What to do when interest rates rise and repeat business decreases


It hasn’t been an easy time for car dealers, who have had to deal with the pandemic and then the supply-chain issues and vehicle shortages related to it. And now, just as vehicles are coming back onto showroom floors, rising interest rates are taking their toll on customer demand.

You need your customers to keep coming back to you. As you know, it takes a fraction of the time and money to keep an existing customer than it does to find a new one. But even more importantly, in these increasingly uncertain times, just getting them in the door is a challenge.

The answer may involve a two-pronged approach, where you proactively reach out to your existing customers. Then you need to double down on leads, especially those coming in through your website or other online marketplaces.

Retaining repeat business with existing customers
You’re going to walk a fine line here, as you’re both the person who’s trying to sell them something, and trying to save them money while doing it. It’s essential to look at the big picture, as rising prices and interest rates are affecting them on almost everything, from food to fuel to fundamentals. It’s not just car loans, and the extra they’re spending elsewhere that will affect what they can afford for a vehicle.

  • Watch your customers’ anniversary dates and do some math on their vehicles – what they could be worth as trade-ins and what’s available on your lot. If their vehicle is well-equipped and well-maintained, and you have something that’s in good shape but a bit older or with fewer features, the monthly payment difference could be significant even with higher interest rates. And when the rates finally come back down to earth, they’ll likely be ready to trade back up again.
  • Consider offering loyalty programs. They’ve always been a good idea but now they could be vital. Offer free services or items once customers have paid for a specified number of oil changes, or bought enough tires, or purchased specific accessories. This will of course be done in conjunction with your parts and service departments and will benefit all, as customers who regularly come back to a dealership usually end up getting their next vehicles there.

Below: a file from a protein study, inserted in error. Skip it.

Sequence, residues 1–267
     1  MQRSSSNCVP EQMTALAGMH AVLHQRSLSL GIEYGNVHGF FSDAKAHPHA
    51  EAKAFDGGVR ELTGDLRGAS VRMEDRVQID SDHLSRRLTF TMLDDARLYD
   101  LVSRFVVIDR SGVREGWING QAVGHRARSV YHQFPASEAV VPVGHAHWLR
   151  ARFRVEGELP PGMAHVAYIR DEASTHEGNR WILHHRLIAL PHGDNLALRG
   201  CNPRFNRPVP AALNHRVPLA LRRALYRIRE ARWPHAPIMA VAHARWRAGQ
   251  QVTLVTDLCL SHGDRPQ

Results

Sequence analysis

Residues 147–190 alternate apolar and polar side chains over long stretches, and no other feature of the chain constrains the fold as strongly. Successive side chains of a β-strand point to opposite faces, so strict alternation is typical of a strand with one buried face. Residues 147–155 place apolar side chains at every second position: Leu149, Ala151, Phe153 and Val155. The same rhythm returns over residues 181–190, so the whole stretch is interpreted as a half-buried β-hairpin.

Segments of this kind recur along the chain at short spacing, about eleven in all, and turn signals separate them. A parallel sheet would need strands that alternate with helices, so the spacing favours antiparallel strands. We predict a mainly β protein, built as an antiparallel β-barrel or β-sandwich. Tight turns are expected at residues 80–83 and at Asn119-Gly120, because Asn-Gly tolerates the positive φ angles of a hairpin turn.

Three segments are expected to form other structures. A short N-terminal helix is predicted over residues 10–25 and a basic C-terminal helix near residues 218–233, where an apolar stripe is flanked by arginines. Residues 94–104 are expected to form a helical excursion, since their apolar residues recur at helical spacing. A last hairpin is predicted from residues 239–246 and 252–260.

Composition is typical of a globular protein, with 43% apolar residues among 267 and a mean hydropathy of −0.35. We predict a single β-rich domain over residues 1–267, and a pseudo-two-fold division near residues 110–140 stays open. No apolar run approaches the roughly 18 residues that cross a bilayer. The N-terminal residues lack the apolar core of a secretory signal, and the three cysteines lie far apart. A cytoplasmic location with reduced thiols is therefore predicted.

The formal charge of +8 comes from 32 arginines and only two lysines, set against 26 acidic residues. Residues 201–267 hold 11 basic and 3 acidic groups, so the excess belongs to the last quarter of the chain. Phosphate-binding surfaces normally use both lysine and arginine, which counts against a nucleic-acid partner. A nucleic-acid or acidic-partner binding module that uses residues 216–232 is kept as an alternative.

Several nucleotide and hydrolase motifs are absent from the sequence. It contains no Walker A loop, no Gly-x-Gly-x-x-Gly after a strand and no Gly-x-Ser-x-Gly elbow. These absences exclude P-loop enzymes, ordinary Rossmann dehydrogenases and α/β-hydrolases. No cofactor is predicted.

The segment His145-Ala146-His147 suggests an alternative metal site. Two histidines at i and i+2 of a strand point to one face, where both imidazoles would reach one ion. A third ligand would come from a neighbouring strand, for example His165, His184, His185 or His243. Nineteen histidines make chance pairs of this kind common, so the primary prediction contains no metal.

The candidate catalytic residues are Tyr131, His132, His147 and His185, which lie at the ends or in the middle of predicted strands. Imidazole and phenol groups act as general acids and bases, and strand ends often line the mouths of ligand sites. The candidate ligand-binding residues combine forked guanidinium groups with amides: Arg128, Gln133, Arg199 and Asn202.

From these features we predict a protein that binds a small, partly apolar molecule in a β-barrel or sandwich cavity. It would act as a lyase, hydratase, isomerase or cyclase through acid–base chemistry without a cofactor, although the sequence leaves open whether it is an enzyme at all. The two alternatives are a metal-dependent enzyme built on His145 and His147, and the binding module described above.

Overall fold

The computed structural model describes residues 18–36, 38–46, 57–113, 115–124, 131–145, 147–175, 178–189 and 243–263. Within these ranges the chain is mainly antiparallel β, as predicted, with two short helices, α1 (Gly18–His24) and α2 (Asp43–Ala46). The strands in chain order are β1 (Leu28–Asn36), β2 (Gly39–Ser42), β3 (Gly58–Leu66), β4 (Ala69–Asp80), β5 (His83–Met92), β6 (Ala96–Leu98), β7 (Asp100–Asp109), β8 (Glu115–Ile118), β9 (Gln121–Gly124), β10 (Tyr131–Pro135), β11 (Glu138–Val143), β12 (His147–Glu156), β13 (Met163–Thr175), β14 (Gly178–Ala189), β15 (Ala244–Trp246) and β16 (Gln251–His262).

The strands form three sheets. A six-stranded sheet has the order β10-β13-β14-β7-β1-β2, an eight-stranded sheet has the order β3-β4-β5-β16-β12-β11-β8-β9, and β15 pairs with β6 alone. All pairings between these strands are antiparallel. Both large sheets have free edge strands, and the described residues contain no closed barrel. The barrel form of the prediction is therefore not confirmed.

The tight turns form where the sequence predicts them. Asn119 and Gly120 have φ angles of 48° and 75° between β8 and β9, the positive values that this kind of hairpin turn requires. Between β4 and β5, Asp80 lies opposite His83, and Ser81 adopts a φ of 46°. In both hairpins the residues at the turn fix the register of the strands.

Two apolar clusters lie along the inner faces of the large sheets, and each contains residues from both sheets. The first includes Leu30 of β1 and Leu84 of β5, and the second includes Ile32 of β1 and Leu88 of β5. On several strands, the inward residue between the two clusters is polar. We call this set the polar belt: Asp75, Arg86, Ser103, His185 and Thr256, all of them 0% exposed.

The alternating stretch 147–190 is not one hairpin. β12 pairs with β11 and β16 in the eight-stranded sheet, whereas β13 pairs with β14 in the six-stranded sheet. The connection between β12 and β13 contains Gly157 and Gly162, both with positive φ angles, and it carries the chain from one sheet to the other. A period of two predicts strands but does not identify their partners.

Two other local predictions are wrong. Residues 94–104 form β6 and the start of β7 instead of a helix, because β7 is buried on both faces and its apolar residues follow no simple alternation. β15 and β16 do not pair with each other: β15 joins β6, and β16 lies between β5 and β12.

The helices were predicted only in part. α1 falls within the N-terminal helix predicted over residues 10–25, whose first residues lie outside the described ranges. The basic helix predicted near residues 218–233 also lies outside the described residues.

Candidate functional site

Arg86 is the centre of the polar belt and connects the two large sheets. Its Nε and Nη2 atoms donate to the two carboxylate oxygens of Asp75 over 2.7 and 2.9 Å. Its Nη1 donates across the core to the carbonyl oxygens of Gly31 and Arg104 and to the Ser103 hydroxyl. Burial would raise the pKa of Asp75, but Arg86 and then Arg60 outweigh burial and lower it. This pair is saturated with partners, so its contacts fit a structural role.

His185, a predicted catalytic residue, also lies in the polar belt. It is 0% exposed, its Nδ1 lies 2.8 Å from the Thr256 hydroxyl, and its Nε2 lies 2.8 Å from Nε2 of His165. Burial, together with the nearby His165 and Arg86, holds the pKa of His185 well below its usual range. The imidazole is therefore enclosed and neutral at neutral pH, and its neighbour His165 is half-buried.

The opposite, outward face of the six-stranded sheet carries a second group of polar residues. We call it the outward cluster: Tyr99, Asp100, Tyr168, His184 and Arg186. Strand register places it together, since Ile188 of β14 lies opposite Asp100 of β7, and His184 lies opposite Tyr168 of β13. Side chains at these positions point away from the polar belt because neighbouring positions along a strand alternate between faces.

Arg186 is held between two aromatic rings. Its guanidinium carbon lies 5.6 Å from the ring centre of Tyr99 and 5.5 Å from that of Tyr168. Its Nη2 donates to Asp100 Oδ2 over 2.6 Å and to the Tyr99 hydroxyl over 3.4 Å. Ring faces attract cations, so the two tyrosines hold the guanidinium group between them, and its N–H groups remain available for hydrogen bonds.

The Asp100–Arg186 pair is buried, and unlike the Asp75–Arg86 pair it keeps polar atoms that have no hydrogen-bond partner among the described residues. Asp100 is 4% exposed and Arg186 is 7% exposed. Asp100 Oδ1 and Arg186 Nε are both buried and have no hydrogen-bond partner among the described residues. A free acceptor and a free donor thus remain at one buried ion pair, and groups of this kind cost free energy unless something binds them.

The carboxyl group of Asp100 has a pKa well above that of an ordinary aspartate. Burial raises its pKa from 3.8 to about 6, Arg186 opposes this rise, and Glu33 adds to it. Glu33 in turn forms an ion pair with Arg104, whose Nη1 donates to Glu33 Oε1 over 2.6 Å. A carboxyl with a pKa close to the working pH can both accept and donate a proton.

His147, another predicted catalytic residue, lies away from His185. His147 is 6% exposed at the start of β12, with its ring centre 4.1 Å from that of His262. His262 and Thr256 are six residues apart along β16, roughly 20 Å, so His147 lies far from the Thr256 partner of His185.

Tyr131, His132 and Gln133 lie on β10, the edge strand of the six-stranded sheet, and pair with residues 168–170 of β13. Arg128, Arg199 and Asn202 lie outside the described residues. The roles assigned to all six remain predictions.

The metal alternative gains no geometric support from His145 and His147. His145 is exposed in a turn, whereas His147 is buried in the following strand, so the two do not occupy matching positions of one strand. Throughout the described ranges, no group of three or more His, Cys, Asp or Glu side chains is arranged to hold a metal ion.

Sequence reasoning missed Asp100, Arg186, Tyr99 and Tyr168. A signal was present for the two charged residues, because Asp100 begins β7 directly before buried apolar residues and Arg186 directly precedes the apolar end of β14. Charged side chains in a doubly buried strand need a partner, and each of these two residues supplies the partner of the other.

Gaining new customers in tougher economic times
High interest rates are putting people off major purchases, but there are still those who need a vehicle. They might not have been able to replace an old one due to vehicle shortages, or they’re back to in-person work after pandemic shutdowns and they need wheels, but even so, they’re treading lightly. You’ve got a steep road ahead of you because of the economic situation, and you can’t afford any missteps on the way.

  • Go online, stay online, prioritize online. Across virtually all buyers, new or used, male or female, old or young, online marketing is a vital part of the shopping process. Checking your website and online marketplace entries on a regular basis throughout the day is as important as answering the phone when it rings.
  • Do everything you can to make your vehicles look their best on your online sites. Be generous with photos, list all of the features, and yes, put the price up front – studies show that customers are far more willing to explore an online vehicle when they have that information. Always advertise any available incentives you are able to offer.
  • Be the voice of reason with new customers. If it’s obvious they’re going to be in over their heads with interest rates on the vehicle they’re considering, show them alternatives, such as a smaller one, a lower trim, or a pre-owned. If they can absorb the higher payments, work with them on a shorter-term loan. The choice on all of these will still be up to them, but they’ll appreciate you taking the time to offer options and they’ll remember that for next time.